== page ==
Commerse, Earnings and Banking - Your money

5050 chance of a melbourne cup day interest rate cut

A MELBOURNE Cup Day interest cut will be a decided in a photo finish today as economists remain divided on whether the cash rate will fall in time for Christmas.

Smaller lenders are continuing to drop their variable rate deals at the same time the big four banks have all jacked up the variable rate loan offers in an out-of-cycle move to raise capital ahead of the next financial year.

GET the best home loan offer

But recent rate jumps by the big banks, low inflation and struggling consumer confidence could be the key drivers that push the Reserve Bank of Australia board to drop the cash rate to a record low 1.75 per cent when it meets today, experts say.

HSBC chief economist Paul Bloxham said all the signs are leading towards a cut the first Melbourne Cup Day rate cut since 2011.

A cut is more likely than a hold and its the path of least regret for the RBA to deliver a bit more support for the economy,’ he said.

With the big banks having just lifted rates, its another reason for the RBA to deliver a cut.

Inflation rose just 0.5 per cent in the September quarter 0.2 percentage points less than expected which fuelled predictions of a third rate cut this year.

On Friday, the Australian Securities Exchanges RBA Ratetracker was almost an even split of whether the cash rate would drop to 1.75 per cent.

1300homeloan director John Kolenda is also tipping the RBA to cut rates this month in time to create more spending ahead this festive season.

If theyre going to do anything they will do it this month because it will provide stimulus leading up to Christmas,’ he said.

Weve seen the banks increase rates and thats not helping consumer confidence or the market so I think we need the RBA to be decisive and reduce rates to get the economy back on its feet.

Financial comparison website Canstar has found on an average $300,000 25-year loan, the average standard variable rate is 4.83 per cent and the monthly repayments are $1724.

On a three-year fixed mortgage the average rate is 4.53 per cent and the monthly repayments are

The average standard variable rate of the big four banks is 5.61 per cent which factors in the rate hikes latest this month.

Lenders dropping variable rates in recent weeks

Auswide Bank, freedom package special discount variable offer dropped by 21 basis points to 3.98 per cent.

Bank Australia dropped its basic variable rate by 12 basis points to 3.98 per cent.

Yellow Brick Road dropped its rate Smasher variable loan deal by 15 basis points to 3.91 per cent.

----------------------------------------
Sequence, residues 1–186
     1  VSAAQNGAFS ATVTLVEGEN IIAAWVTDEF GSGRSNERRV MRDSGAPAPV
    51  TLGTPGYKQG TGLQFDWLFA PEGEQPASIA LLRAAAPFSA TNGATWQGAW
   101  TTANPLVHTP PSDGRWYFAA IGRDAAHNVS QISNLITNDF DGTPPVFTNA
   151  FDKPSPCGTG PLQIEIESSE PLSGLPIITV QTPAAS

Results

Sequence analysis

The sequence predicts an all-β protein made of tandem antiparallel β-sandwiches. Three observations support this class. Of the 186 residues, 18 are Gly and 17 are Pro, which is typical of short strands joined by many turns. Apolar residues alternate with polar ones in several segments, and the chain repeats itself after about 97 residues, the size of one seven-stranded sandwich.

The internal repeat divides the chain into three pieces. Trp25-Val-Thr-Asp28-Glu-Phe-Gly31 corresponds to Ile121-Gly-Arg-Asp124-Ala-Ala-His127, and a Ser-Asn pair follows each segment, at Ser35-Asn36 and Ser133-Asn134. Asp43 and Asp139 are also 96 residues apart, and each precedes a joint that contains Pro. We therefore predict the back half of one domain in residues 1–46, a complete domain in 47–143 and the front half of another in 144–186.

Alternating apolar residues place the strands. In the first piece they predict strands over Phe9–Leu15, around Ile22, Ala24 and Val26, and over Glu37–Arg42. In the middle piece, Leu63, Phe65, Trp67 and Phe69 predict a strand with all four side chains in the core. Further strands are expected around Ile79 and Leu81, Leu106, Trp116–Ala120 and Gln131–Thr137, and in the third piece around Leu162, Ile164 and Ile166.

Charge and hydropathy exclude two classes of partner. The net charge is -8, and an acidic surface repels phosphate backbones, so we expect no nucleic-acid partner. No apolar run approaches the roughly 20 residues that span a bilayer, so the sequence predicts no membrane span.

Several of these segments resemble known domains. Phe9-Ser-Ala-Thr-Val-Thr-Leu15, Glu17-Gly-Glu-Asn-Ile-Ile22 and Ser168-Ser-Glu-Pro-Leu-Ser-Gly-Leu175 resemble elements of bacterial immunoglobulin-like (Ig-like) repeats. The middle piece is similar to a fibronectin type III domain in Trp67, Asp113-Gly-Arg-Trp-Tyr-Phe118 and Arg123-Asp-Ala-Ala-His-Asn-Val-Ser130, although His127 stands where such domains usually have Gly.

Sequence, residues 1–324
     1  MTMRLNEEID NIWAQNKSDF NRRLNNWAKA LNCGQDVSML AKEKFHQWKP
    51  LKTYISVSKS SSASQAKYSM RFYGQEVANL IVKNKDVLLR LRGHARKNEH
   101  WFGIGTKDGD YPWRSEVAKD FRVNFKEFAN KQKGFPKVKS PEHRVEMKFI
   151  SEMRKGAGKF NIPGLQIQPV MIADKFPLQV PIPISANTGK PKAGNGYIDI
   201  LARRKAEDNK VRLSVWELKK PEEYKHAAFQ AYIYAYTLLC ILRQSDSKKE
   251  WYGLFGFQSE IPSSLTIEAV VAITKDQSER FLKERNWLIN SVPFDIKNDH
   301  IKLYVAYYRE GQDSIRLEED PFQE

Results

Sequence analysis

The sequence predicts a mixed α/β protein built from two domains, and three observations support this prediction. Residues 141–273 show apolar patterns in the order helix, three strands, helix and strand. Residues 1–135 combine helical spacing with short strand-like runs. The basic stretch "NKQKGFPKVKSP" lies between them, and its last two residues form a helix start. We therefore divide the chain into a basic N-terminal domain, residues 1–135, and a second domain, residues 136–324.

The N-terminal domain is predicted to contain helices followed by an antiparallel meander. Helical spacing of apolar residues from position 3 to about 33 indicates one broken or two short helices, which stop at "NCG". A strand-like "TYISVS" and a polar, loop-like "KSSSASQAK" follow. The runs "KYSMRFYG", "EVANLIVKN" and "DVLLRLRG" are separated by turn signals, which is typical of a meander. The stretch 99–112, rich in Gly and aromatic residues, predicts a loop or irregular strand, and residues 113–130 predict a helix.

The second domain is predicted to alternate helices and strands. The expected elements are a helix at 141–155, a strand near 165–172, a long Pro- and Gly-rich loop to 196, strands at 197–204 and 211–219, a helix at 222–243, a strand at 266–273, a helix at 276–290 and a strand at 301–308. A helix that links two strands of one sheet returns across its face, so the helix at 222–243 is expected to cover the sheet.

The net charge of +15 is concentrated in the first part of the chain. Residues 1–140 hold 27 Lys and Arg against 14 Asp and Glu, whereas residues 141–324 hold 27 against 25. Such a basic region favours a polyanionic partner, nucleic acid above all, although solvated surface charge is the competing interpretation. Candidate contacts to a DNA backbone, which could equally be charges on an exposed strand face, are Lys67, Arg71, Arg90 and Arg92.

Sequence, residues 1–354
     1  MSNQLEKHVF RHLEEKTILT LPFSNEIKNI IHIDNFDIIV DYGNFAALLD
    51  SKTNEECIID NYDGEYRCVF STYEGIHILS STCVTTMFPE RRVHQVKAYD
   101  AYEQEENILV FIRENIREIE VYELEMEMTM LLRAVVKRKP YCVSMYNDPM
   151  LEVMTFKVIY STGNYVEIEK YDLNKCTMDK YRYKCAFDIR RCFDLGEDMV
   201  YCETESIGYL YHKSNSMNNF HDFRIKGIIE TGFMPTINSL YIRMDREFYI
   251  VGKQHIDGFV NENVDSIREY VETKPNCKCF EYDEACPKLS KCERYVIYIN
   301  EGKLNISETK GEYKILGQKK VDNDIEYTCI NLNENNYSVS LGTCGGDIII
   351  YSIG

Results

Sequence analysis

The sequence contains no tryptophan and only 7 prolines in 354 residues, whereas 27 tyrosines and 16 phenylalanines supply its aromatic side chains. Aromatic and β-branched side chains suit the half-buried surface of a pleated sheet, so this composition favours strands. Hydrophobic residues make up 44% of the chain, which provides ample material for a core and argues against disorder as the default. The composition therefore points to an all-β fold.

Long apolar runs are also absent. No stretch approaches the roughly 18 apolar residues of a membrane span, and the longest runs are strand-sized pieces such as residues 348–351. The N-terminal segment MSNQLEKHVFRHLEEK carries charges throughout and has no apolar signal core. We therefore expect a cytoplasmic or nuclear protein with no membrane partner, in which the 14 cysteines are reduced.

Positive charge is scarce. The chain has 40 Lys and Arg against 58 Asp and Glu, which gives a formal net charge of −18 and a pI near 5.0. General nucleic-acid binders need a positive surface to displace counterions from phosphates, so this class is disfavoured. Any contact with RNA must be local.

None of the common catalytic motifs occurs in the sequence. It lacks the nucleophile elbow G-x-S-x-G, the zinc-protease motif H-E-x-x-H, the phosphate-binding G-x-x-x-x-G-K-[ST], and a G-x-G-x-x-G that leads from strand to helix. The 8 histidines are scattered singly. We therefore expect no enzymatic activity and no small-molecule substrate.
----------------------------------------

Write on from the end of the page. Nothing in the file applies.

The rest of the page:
A vote for your hip pocket

IT’S been criticised as one of the most boring election campaigns many can remember, but Saturday’s vote is going to have a big impact on finances.

Super fund members, investors and wage earners are facing major changes depending on which party wins.

So how do you decide what will be best for your hip pocket? And should you vote to make things better for yourself, or the future of the nation?

Finance experts say voters tend to adopt a whats-in-it-for-me approach, and each individual will be affected differently by party policies.

Financial strategist Theo Marinis believes voters should think of Australia first but the fact that we dont is the reason we have the politics we have.

Compare superannuation funds

On the finance front, Marinis prefers the Coalitions superannuation policies, Labors negative gearing and capital gains tax changes, and the Coalitions economic management.

Labor is big spending, but how are they going to pay for it down the track?

CMC Markets has been monitoring investor sentiment about the election and it has fallen heavily since May.

Chief market strategist Michael McCarthy says investors have been unhappy with pork-barrelling in marginal electorates. Rank political populism rarely plays well with investors, he says.

McCarthy says election sentiment started to improve last week, perhaps because of a growing perception that many voters have decided their vote and are no longer paying attention to this exceptionally long election campaign.

Whoever wins on Saturday, there is no need to make knee-jerk financial decisions, because any proposed laws are likely to have a long and windy path through what could be another tricky Senate.

McCarthy says the impact of new policies will depend on your personal situation.

Changes to superannuation and taxation affect investors directly. Any investors unsure about the impact of proposed changes in these areas should speak with their advisors,
he says.



Labor: spend more on health (and education) probably by raising taxes.

Coalition: says extra funding for health needs to be spent wisely and has cut some of Labors previous funding promises.


Coalition: to scrap 2 per cent Temporary Budget Repair Levy for income over $180,000.

Labor: to keep the levy, making top tax rate 49 per cent.


Labor: to scrap negative gearing for all but new properties from July 2017, and halve capital gains tax discounts on assets.

Coalition: has kept its hands off these taxes.


Both parties plan to increase super contributions taxes for high-income earners and the Coalition plans to introduce a pile of new super changes including lower contribution caps, tougher limits on how much wealthy savers can hold and put into in super, and new incentives for low-income earners.


Labor: 15 per cent tax on retirees earnings above $75,000 a year from their super pension fund.

Coalition: $1.6 million limit on how much people can hold in a tax-free retirement pension.